Lula Brannon Briscoe, ca. 1903. Courtesy of the Brannon/Briscoe family
It’s time for Episode 8 of “Voices from the West,” our blog series featuring audio recordings of historical documents from the Museum’s Dickinson Research Center.
Our goal is to show that history is more than a timeline. At its core, it’s about people. And not just the famous and infamous, but the everyday and ordinary. If you missed previous episodes, you can start here.
The oldest of six children, Lula had moved with her family from Texas to the Chickasaw Nation in 1898. They settled in Sugden, a small community near today’s Texas border that consisted primarily of farmers. She married Robert Willis Briscoe and together they had five children.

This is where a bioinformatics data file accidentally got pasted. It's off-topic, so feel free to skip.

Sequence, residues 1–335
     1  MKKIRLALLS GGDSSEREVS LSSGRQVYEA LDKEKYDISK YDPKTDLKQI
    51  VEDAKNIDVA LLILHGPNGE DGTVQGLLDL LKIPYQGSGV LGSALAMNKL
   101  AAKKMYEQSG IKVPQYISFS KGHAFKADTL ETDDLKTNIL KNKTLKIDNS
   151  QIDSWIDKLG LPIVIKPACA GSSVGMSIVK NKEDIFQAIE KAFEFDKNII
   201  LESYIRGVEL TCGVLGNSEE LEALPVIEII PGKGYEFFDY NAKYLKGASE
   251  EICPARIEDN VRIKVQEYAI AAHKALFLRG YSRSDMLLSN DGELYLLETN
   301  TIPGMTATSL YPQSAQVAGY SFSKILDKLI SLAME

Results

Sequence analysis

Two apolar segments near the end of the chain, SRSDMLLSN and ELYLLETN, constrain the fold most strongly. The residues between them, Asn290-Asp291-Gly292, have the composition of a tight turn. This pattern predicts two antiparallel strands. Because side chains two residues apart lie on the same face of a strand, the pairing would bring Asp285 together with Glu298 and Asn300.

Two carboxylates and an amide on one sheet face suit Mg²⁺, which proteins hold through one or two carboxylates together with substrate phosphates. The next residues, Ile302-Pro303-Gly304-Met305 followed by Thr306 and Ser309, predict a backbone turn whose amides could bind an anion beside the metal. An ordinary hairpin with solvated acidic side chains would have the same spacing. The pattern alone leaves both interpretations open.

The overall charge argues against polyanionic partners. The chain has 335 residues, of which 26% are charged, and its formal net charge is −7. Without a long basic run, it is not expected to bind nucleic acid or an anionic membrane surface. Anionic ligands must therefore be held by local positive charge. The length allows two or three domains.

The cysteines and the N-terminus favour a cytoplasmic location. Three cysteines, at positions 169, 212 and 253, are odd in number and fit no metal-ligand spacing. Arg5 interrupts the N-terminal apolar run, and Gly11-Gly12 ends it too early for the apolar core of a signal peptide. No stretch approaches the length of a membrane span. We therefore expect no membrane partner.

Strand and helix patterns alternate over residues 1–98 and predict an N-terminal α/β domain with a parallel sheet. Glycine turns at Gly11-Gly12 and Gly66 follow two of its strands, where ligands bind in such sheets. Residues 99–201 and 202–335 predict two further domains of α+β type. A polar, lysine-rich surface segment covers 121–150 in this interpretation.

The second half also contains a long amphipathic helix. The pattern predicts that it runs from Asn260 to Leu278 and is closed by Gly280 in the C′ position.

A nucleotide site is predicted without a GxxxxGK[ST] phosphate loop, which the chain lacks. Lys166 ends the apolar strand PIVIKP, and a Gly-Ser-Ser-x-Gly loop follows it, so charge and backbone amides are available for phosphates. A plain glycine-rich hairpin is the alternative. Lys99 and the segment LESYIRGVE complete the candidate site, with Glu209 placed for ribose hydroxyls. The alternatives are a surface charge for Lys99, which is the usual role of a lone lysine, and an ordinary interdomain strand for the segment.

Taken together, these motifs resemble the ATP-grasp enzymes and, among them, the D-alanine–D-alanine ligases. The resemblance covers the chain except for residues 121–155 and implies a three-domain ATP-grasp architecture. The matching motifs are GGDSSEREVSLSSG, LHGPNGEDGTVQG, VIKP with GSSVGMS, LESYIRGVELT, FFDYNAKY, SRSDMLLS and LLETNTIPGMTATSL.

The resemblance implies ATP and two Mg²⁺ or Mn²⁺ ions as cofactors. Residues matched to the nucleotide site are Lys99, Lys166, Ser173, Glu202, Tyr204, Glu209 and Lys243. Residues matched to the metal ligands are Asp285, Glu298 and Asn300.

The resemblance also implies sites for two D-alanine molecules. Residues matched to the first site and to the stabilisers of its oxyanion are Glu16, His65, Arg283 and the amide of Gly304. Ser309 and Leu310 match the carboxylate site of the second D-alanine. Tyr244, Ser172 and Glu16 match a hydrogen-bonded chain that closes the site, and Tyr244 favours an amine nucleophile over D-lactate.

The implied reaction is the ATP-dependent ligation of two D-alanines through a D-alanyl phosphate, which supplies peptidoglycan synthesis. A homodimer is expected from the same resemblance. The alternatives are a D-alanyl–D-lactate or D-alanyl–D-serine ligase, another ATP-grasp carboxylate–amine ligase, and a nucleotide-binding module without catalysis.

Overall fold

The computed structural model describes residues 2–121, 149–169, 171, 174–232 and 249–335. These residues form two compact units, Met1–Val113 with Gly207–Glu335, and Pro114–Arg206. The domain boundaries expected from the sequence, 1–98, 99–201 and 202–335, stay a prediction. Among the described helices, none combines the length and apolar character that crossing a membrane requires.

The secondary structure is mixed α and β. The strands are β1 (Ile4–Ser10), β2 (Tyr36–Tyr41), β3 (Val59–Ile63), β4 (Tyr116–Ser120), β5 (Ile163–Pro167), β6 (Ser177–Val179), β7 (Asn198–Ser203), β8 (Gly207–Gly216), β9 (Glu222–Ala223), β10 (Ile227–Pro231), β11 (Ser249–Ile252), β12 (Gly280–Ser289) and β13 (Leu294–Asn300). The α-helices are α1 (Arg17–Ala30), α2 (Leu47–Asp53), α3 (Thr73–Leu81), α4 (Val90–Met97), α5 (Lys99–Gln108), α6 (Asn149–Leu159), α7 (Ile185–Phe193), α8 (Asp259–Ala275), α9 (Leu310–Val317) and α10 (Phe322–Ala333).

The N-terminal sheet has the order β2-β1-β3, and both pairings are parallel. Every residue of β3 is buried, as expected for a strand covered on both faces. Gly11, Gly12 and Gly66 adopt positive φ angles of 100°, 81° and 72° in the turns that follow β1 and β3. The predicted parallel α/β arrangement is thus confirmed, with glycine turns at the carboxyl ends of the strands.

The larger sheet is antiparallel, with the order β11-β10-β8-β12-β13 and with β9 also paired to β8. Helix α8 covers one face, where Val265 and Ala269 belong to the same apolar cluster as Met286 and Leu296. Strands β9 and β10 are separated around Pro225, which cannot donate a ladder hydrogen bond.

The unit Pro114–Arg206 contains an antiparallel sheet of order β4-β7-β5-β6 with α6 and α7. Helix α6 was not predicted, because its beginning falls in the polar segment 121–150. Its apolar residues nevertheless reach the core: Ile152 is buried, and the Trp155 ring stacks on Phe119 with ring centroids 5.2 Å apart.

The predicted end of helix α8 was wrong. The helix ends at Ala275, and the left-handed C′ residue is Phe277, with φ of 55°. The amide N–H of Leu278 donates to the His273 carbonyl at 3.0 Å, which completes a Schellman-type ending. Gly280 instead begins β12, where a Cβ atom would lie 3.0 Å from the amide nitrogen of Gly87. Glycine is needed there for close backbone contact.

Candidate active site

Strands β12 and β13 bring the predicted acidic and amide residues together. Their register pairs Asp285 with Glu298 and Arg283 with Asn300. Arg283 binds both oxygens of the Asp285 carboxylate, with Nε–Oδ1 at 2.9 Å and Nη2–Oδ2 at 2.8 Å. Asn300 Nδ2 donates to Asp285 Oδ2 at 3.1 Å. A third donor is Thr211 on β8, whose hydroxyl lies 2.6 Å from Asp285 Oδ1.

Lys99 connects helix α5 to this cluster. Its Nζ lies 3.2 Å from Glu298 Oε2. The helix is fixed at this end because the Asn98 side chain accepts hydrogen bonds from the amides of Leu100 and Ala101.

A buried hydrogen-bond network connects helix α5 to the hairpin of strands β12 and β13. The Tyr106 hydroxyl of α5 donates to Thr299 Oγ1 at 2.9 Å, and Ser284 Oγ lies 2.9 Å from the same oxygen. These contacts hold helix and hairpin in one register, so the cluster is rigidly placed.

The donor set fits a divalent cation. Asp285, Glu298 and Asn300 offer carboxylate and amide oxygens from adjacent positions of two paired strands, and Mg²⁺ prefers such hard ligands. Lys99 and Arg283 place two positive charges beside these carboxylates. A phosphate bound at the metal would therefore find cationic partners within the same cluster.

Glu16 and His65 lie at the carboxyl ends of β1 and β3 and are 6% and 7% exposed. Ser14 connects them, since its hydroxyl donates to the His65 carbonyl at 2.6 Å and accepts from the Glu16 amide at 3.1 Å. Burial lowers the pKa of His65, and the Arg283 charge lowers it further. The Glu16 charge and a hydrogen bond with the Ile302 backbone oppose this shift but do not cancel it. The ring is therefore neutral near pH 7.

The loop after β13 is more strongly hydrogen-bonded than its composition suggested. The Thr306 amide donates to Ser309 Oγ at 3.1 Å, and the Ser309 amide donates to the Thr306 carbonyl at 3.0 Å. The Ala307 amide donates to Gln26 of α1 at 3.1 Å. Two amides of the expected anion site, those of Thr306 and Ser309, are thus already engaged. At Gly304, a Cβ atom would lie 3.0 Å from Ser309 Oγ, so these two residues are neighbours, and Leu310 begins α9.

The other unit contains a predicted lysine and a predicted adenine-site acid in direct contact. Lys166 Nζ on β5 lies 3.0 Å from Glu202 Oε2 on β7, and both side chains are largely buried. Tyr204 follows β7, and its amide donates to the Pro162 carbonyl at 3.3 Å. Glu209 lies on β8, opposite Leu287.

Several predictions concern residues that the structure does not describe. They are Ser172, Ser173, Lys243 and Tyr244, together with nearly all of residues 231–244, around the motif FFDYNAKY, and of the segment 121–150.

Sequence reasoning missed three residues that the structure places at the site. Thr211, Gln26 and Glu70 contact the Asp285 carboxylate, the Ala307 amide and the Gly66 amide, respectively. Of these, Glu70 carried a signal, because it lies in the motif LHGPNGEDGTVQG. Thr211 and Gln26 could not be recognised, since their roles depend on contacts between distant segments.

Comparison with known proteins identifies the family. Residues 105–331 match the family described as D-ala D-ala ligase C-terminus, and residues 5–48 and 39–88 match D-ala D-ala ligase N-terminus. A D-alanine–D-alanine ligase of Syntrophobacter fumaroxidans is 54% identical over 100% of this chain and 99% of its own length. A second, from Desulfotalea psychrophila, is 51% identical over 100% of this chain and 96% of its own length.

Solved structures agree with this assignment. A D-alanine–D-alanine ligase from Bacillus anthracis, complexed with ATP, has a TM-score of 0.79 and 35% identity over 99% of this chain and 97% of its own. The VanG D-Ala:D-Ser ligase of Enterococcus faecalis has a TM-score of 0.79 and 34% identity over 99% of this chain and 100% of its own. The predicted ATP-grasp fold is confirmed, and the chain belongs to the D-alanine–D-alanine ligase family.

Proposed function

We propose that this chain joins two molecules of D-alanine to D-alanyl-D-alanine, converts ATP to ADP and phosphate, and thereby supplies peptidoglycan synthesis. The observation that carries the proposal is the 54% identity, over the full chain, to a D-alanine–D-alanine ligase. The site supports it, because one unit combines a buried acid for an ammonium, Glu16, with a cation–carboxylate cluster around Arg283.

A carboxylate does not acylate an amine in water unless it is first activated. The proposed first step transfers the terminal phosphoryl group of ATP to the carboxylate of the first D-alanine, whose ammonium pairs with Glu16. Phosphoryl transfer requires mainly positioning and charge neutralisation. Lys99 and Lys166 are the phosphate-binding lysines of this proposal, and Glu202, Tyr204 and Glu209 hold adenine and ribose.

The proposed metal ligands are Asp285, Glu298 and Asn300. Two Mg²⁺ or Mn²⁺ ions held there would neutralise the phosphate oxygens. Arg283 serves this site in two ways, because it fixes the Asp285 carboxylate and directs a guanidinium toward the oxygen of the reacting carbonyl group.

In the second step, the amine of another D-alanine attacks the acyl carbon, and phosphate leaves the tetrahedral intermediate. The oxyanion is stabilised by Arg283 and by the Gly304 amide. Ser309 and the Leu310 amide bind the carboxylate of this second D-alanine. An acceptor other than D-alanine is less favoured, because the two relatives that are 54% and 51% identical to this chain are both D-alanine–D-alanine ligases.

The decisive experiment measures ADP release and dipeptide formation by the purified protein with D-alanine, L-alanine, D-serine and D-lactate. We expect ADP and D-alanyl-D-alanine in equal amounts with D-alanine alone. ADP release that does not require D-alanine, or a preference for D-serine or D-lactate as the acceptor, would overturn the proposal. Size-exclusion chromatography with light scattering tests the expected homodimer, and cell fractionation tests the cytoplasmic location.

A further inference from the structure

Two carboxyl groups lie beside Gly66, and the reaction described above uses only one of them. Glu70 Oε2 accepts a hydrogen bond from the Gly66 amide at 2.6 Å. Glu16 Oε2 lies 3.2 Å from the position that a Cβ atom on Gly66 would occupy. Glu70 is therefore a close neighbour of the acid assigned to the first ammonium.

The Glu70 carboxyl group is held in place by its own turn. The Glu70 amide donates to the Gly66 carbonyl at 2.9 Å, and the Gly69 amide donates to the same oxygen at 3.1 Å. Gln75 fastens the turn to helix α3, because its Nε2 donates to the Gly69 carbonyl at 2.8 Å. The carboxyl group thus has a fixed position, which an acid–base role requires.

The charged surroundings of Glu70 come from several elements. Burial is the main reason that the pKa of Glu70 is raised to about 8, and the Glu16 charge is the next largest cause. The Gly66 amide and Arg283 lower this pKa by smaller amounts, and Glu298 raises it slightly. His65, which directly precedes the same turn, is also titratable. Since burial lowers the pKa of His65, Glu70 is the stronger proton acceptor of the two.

Girl’s dress from The Buffalo Evening News (December 2, 1903).
Albatross fabric from Sears, Roebuck, and Company Catalog, ca. 1902. Glenn D. Shirley Western Americana Collection. Dickinson Research Center. National Cowboy & Western Heritage Museum.
Lula often sent items to her younger siblings. In this letter, she mentions a pale blue albatross dress for Juju. Albatross was a very popular fabric and light blue was an equally popular color. The lightweight woolen fabric cost around .47 cents a yard and was sometimes used for wedding dresses.